10. The Virginia Supreme Court was overseen by lower court judges

The Virginia Supreme Court elected its members before 1779 through the legislature. Changes came in 1779 through 1788 that changed the composition of the judges. For these years, judges of the other three superior courts which included the Court of Admiralty, the General Court, and the High court of Chancery made up the Supreme Court of Virginia. The High Court of Chancery had precedence over judges of the other courts. Edmund Pendleton was the first judge nominated for the court. He was titled the First Judge of the Court, presiding over the court of appeals processes.

11. The Supreme Court of Virginia went through flux

The Supreme Court of Virginia underwent multiple processes and evolutions throughout the years since its inception. Numerous acts and amendments changed the composition, appointment processes, and powers given to the judicial body. In 1788 a legislative act abolished the Court of admiralty. This led to the Court of Appeals breaking away from its original three courts to become its separate entity. The act also reduced the number of judges from five to three in 1806 by an act of assembly. Judges were elected by a joint vote of the two houses of the General Assembly. By 1810, the number of justices went back to five.

12. The location of the courts has changed through the years

The Supreme Court of Virginia was first held in Williamsburg. Various amendments to the constitution and acts changed the location where the court was held through the years. According to Supreme Court Virginia History, 1831 legislation required an annual session of the Virginia Supreme Court to be held in Greenbrier county in Lewisburg, in July. It’s the part of the state that is now West Virginia. The Constitution of 1870 further required annual sessions of the court to be held in Winchester, Staunton, and Wytheville.

13. The election process was made public in the 1800s

For the first time in the history of the Virginia Supreme Court, the election of judges was made by voting members of the public of the Commonwealth. The power of the people to elect the justices was made law by The Constitution of 1851. Other important changes also happened through the new constitution that held judges accountable to the constituency for the decisions they made on cases of appeal. They were required to state the reasons for affirming or reversing a decree or judgment in writing.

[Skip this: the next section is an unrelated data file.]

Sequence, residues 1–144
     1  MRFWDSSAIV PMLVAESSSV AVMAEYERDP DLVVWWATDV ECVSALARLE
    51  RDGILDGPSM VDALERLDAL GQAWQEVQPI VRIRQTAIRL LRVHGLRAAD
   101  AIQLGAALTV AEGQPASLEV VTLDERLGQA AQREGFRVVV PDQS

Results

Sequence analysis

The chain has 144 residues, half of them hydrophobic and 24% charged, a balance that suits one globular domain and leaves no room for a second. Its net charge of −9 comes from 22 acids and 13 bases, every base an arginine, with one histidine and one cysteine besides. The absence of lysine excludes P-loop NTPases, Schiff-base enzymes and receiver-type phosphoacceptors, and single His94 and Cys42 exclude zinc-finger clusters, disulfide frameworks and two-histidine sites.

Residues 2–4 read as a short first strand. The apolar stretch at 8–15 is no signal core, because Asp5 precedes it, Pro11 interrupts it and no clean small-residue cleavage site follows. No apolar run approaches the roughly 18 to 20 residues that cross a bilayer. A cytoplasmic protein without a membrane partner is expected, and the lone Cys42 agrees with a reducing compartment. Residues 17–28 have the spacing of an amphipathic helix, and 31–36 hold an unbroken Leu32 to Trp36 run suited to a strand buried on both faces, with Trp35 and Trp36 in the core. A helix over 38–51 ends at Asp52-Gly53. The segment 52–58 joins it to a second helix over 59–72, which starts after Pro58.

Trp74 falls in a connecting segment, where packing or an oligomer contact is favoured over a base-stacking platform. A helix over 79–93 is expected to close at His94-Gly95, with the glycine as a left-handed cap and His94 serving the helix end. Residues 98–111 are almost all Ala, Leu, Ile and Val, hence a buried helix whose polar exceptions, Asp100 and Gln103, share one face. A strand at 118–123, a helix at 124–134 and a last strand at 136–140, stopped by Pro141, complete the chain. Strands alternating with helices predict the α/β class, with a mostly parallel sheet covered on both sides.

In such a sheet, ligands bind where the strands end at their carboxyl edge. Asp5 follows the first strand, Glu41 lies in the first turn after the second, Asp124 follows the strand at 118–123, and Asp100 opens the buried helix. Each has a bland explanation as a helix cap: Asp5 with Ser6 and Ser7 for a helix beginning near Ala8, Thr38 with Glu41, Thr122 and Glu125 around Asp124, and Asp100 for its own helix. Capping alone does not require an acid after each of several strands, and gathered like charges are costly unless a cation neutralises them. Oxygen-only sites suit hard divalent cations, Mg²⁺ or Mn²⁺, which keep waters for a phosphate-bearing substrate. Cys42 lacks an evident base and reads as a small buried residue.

14. Election by the people was reversed in 1864

Yet another constitution changed the election process for the appointment of justices to the Supreme court of Virginia. The Constitution of 1864 took back the election process for judges and took it out of the hands of the people and returned it to the General Assembly. They also reduced the number of seats from five to three. The process was short-lived, however, and just four justices were elected under the terms of the Constitution of 1864.

15. The Supreme Court of Virginia removed judges in 1869

Tumultuous times were endured by the judicial system in the state of Virginia in 1869. This was an era of military reconstruction for the state. A new federal law was passed during the time that required all officials in the states of Virginia and Texas to be removed if they had a military record confirming service to the Confederacy. Major General John Schofield dismissed justices Rivers, Joynes, and Moncure in compliance with the law. To fill the gaps, he appointed Westel Willoughby, Orloff Mather Dorman, and Horace Blois Burnham in their places. They continued to serve on the court until 1870 when a new state constitution was ratified.

16. The Supreme Court of Virginia has longer terms than some other states

The Supreme Court of Virginia elected its supreme court justices for twelve-year terms. Virginia’s terms are longer than some other state supreme courts. When a justice nears the end of a term, elections are held to fill the position. If a justice meets the current requirements, he or she must be reappointed to serve another twelve years.

17. The Virginia Supreme Court still appoints its justices through the legislature

Ballotpedia confirms that the Supreme Court for the state of Virginia still appoints its justices by the state legislature. It is one of the few states that requires appointment through the direct legislature. there are only two other states that use this selection method. It makes the Virginia Supreme Court stand out from most others in this aspect.

18. The Virginia Supreme Court reviews over 1,000 cases annually

The justices on the Virginia Supreme Court stay busy. In 2018, the seven judges reviewed 1,697 appeals cases. It’s time-consuming because each decision made must be followed up with a written explanation for the decision regardless of whether it was found in favor of the plaintiff or the defense.

19. Justices for the Virginia Supreme Court must meet requirements

Justices must meet minimum requirements to be eligible for appointment to the Supreme Court of Virginia. They must be residents of the state, a member of the bar for a minimum of five years, and meet the age requirement. They must be 70 years old or younger to qualify.

20. The chief justice is chosen by peers

The Virginia Supreme Court selects its chief justice by a vote. The other judges serving on the Supreme Court cast their votes for the chief justice, and the majority rules. The position of chief justice serves for a four years term in the capacity of a leader. The outgoing chief justice serves out the remainder of their twelve-year term as justice.